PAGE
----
TT/-G and rs12979860 were extracted from a GWAS-generated dataset (Rauch et al., 2010) or genotyped by TaqMan (Applied Biosystems), using the ABI 7500 Fast real time thermocycler, according to manufacturer’s protocols. For TT/-G and rs12979860, TT and C were defined as WT and -G and T as mutant alleles, respectively. TaqMan probes and primers were designed and synthesized using Applied Biosystems software (Table S3). Automated allele calling was performed using SDS software (Applied Biosystems). For quality control, all samples were also genotyped in an independent laboratory (KBioscience, Unit 7, Maple Park, Hoddesdon, Herts, UK) using KASP SNP genotyping system, a competitive allele-specific PCR incorporating a FRET quencher cassette. Patients with at least one missing genotype and/or discordant results regarding one polymorphism were excluded from the analyses.
Statistical analysis.
Statistical analyses were performed using Stata (version 11.1, StataCorp LP). LD and Hardy-Weinberg equilibrium test were assessed using the programs pwld and genhw, respectively, both implemented in Stata. Strong LD was defined as an R2 > 0.7. The association of IL28B polymorphisms with response to treatment and spontaneous clearance was performed by univariate and multivariate logistic regression. Age, duration of infection, and body mass index (BMI) were treated as continuous variables. Multiple logistic regression models were adjusted for age, sex, HCV RNA level, fibrosis stage, and, whenever appropriate, viral genotype. For IL28B SNPs, comparisons were made using an additive model (considering a similar effect for each additional copy of the minor allele), a neutral model (comparing separately patients with heterozygous and homozygous mutant genotypes to patients with WT genotypes), and, when appropriate, a recessive model (comparing patients with homozygous mutant genotypes to the others). Discrimination ability between two different logistic regression models was compared using the integrated discrimination improvement test (IDI) implemented in Stata (Pencina et al., 2008).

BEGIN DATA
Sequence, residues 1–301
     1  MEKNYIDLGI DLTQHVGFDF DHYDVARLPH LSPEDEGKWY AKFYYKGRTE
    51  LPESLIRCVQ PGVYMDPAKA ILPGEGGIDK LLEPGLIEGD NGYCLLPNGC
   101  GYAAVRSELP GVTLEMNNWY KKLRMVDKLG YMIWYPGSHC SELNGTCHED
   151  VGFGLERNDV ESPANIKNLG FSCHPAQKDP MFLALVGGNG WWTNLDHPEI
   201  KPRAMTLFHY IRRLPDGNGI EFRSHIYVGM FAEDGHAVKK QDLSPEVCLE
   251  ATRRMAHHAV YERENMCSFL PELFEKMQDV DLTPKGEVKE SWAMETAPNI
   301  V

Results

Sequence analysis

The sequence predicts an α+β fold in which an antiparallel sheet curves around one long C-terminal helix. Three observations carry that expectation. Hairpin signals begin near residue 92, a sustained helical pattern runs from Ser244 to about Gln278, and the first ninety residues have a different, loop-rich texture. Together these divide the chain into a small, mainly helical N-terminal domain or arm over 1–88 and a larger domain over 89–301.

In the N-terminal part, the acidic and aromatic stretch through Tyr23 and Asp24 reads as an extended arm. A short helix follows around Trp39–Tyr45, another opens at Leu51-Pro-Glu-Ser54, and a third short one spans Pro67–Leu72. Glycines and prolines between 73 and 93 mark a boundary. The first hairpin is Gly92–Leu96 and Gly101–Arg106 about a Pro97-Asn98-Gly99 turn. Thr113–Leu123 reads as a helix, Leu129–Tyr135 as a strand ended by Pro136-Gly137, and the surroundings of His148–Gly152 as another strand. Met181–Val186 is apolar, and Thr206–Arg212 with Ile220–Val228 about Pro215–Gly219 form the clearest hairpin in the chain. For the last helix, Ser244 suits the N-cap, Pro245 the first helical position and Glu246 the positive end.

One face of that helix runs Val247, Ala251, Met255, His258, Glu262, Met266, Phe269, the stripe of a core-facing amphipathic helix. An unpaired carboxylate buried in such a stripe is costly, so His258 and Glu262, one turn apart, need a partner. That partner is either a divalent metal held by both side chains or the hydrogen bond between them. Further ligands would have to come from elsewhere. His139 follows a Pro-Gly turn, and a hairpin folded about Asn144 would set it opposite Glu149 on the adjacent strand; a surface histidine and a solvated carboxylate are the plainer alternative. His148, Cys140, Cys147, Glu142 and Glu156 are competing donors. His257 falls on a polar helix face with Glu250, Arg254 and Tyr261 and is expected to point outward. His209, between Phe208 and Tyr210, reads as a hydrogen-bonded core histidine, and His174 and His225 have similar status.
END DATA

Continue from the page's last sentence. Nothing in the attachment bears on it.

PBMCs isolation and RT-PCR analysis.